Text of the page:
The Year of Moving Forward

The Year of Moving Forward
At our 4 person wedding reception in DC

Thursday, January 8, 2009

Western Tribune Column January 7 2009

One of the things about posting these column online is that I can add pictures or links, which I can't do in the paper.

Picture from

Marley and Me

In need of levity after all the gunfire that welcomed the New Year in Bessemer, we went to see a movie, Marley and Me, that we thought would be funny. Part of the humor in this is that Marley is supposedly the world’s worst dog, when many in Bessemer know that the title is currently held by my daughter’s dog. Or dogs. Sometimes they team up; it seems, to do their mischief.

That’s not the only similarity, however, as Marley’s owner is a newspaper columnist.

But I had an even greater interest in seeing the film. As a retired veterinarian I was interested in a story that explores the human – animal bond, which for many, is as strong as other family ties.

Whereas dogs and cats used to be thought of as disposable, to use a crude term, now most pet owners see these pets as irreplaceable. And we have learned in recent years that pet ownership has health benefits, especially for those who live alone, or are elderly.

Pets (with the exception of a couple) have a calming effect, and studies have shown that petting your dog or cat can actually cause a reduction in blood pressure and that ownership reduces cholesterol and risk of cardiovascular disease.

We are also learning that pet ownership can improve mental health and that symptoms of depression and other diseases can be reduced by owning and caring for a pet.

There are, of course, responsibilities that come with owning a pet. In the movie the owners, while being somewhat negligent where early training is concerned, remained responsible as their family grew with the birth of their three children, and the family benefited from having him.

There is a major difference between the dog in the movie and the dogs in this house. Marley provided enough material for his real life owner, John Grogan, to write years of columns and eventually the memoir that the movie is based on.

In other words, Marley brought big bucks to his owner. I’m fairly confident these dogs won’t bring in any money; in fact just the opposite seems to the case.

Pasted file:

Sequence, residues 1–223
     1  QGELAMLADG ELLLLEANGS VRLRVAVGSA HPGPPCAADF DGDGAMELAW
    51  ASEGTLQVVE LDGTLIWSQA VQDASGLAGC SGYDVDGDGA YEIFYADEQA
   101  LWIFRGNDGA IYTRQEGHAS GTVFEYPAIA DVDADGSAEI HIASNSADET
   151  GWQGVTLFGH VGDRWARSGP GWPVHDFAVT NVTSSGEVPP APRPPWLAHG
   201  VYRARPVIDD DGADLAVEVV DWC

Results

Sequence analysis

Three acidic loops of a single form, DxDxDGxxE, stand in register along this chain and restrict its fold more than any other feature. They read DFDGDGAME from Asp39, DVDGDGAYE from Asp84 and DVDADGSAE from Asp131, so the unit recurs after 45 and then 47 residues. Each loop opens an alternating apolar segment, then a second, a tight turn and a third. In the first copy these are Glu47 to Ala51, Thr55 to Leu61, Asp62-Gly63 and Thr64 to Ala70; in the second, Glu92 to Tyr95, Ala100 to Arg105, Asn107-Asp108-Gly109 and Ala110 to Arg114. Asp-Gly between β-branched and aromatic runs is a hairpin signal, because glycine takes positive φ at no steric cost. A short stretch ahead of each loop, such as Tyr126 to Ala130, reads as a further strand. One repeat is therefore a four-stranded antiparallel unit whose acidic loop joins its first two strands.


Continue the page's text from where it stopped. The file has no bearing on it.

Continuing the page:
But it could be worse.

You might have to see the movie or read the book to understand, but at least we don’t have mangos growing in the yard.



Anonymous said...

I haven't seen the movie, but the book was wonderful. As I recall, the book portrays lots of attempts at training, none of which took very well.

Your babies are gorgeous! I can't imagine a world without pets. Even neurotic ones like mine. :)

Anonymous said...

We saw the movie on its opening night in Birmingham. I too read the book last year and enjoyed it. We have two yellow labs, a male and a female. They are seven and six years old respectively and I cannot imagine my life without them.

They are such an integral part of our lives for many of the same reasons that Marley demonstrates in the movie. They sense our feelings and adapt their behavior accordingly. Not a day has passed in the last seven years that I have not been given a smile, a chuckle, or a hearty laugh as a result of their presence in our lives. They love unconditionally. I have always loved the sentiment that my life will have been a success as long as I am able to be the person my dog thinks I am.

When the time comes when I must say goodbye to them I hope I will find comfort in the following thought paraphrased from Stephenie Meyer's book, Twilight: When life has given me gifts beyond all imaginable possibility, what right do I have to be sad when they come to an end.